Zapiro, therefore, assists in convincing the majority of Muslims, who are ordinary, peaceful, tolerant, joking and humorous, that maybe there is something in that siren song which attempts to seduce them with the idea that there is only hostility with a world that disrespects their precepts of faith.


We need to nurture a gentler, more caring and free world with an enormous capacity for humour, that comes from those who are secure in their sense of dignity.

We must resist the siren songs of fundamentalists of all kinds. By pushing the boundary of Muslim aversion to depiction, we disturb the equilibrium that holds us all in check.

As for Zapiro, I refuse to burn my 1987 UDF calendar.

Ebrahim Rasool is an MP and founder of World for All Foundation


Juniper in the Desert said...

When will muslims say their "cult" is NOT the same as other religions and is based on hate as opposed to love.

"They respect all the other prophets, so why don't we respect THEIRS?"

Because he orders them to KILL US!

They make me sick!

Lawrence said...

wow all that commentary from South Africa. Yet you (never mind everybody else back in South Africa it would seem either praising Zapiro or damning him and threatening him) missed the basics, sigh - namely the hypocrisy of the M&G and Zapiro on this whole affair. That is the M&G is probably the most leftwing paper in South Africa and is hostile to Israel and very pro-Palestinian ie pro-Jihad against the Jews, as is Zapiro. Get what a commentator at jihadwatch called the M&G's and Zapiro's hypocrisy and double-think on this whole controversy? yeah?

Commentator 'klute' pointed all this out at jihadwatch on the thread relating to this topic

I repost klute's comments here since they are apt and the Baron missed it entirely:

It's worth pointing out some things here, Zapiro, pen-name for Jonathan Shapiro and the M&G in South Africa are both pathologically anti-Israel and pro-Palestinian (with all that that implies). The M&G is a newspaper that perpetually gives the same deceitful and one-sided and distorted coverage of the Israel/Muslim Arab conflict as The Guardian or Independent in the UK. In fact it is vicious in its blatant anti-Israelism and its whitewashing of the Jihad against Israel. It is thus a paper (like most all liberal papers in the West) that is blatantly dhimmified and functions like the MSM in general as a useful idiot for the Jihad. It is a paper every bit as bad as any odious leftwing media outlet in Europe, the UK and North America. In fact it is very much like its British namesake, The Guardian.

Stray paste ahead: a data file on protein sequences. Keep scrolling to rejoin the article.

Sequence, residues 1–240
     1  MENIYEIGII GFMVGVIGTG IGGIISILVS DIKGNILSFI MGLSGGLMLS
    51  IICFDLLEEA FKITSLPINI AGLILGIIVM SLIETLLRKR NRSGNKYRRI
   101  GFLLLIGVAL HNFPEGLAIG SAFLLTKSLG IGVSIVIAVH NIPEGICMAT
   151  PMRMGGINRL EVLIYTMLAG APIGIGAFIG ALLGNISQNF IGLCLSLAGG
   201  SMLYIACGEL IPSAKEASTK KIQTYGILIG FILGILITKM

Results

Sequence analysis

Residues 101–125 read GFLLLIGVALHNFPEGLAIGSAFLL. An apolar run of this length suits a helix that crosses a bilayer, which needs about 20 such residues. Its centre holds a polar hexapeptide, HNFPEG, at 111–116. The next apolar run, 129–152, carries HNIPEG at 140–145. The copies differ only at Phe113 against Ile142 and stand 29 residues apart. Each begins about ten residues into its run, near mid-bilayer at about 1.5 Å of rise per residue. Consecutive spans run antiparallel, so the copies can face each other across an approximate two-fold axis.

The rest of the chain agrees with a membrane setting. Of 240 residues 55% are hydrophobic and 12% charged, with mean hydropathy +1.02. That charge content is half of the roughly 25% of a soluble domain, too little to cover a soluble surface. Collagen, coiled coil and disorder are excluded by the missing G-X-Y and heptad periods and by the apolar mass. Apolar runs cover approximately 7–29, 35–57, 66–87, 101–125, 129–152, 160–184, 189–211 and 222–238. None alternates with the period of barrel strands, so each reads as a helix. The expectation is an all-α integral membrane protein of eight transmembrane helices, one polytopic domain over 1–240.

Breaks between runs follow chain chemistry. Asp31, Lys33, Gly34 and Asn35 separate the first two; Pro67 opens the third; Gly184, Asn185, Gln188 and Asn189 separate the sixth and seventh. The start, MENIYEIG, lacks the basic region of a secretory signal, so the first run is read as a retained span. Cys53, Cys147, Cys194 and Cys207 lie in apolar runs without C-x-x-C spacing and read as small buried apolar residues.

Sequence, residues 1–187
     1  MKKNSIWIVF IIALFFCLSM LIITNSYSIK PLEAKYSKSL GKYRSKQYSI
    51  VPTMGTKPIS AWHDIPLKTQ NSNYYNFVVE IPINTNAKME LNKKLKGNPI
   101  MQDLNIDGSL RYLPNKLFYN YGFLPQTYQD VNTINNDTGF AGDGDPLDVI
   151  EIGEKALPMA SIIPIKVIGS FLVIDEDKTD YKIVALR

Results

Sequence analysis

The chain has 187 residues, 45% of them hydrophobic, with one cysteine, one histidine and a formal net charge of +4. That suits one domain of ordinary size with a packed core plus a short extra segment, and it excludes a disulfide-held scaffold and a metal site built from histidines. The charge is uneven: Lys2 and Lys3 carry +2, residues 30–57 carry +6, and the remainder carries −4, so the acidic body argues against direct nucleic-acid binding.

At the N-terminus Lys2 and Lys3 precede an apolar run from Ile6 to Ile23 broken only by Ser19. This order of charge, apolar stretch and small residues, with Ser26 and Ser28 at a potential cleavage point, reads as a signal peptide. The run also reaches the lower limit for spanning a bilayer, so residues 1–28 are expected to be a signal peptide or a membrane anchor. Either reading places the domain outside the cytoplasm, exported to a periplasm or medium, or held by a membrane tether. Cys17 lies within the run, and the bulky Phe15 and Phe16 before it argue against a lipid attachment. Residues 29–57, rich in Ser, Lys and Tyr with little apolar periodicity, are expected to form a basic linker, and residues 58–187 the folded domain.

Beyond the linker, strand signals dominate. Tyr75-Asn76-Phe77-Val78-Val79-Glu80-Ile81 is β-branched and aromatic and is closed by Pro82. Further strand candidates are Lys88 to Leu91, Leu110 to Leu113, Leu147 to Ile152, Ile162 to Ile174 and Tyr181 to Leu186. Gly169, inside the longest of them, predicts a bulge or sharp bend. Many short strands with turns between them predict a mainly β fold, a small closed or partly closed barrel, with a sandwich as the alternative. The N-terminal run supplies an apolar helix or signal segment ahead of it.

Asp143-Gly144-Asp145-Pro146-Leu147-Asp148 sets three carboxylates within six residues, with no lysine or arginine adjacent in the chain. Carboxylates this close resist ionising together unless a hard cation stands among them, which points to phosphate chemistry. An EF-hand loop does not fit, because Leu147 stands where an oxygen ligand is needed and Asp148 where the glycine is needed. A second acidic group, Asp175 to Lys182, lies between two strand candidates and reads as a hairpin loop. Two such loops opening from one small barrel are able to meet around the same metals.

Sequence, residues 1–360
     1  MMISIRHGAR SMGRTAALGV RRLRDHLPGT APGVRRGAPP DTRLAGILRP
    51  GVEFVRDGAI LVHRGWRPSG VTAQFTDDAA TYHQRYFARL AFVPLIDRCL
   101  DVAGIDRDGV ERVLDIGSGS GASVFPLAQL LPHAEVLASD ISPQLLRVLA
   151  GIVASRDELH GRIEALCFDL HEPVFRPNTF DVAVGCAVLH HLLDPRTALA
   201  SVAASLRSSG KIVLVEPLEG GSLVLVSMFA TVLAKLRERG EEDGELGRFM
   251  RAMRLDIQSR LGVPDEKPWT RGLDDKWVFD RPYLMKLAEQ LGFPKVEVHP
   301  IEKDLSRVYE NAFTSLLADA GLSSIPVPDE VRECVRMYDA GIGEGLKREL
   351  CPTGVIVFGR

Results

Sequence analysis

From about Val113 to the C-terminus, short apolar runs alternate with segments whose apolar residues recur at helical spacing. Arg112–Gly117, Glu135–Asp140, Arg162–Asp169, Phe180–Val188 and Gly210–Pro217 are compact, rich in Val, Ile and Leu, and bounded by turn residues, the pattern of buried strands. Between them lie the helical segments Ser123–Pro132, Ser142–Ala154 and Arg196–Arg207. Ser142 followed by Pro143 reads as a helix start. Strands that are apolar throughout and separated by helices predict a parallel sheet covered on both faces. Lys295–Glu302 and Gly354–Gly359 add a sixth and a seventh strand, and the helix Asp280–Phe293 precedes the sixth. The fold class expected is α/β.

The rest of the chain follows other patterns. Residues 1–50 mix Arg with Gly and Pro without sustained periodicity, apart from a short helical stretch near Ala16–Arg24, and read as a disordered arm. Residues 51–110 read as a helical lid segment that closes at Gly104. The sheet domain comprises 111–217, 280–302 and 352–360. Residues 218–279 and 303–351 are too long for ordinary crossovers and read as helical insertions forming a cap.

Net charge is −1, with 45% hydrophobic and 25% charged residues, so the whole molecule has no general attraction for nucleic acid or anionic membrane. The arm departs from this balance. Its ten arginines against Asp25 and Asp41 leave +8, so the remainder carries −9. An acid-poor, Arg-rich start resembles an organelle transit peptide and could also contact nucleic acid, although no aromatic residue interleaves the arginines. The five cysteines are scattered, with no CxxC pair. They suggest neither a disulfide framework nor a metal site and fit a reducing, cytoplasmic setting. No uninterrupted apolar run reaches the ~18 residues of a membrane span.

Shapiro/Zapiro's cartoons on the Middle-East are so blatantly one-sided against Israel and he NEVER has criticised the Palestinians and Hezbollah in his cartoons over the years. In fact he infamously drew a cartoon of Ariel Sharon as a Nazi stormtrooper after the massacre in Jenin that never ever happened. He has drawn a cartoon blaming Israel for the '67 War, and so many other cartoons condemning Israel whenever there is a flare-up in the Middle-East, the Palestinian intifada during 2000, the war with Hezbollah in 2006. He even drew a cartoon in which he shows IAF jets bombing the White House! (the point of this cartoon was that the US would only condemn Israel for its supposed "war crimes" if the IAF attacked America, yes moronic but that's just the thing with Zapiro's anti-Israel cartoons). They are moronic and misinformed and dishonest and thus beloved by Jew-haters of all stripes.


Lawrence said...

He predictably drew vicious anti-Israel cartoons leading up to the Gaza War in 2008/2009 (and his bash-Israel-what-Jihad-against-the-Jews? who cares for the facts MO has never changed). He has NEVER drawn a single cartoon condeming the Muslim jihad against Israel and their associated crimes of terror and fascistic violence and related (Sharia Law etc). Going by Zapiro's cartoons you wouldn't know that HAMAS, Hezbollah, Syrian Baathists, the Muslim Brotherhood even existed or that Fatah, Arafat, Abbas are likewise jihadists dedicated to Israel's destruction. Zapiro in fact signed petitions with other anti-Israel so-called Jews condemning Israel during the wars initiated by her numerous Muslim jihadist enemies.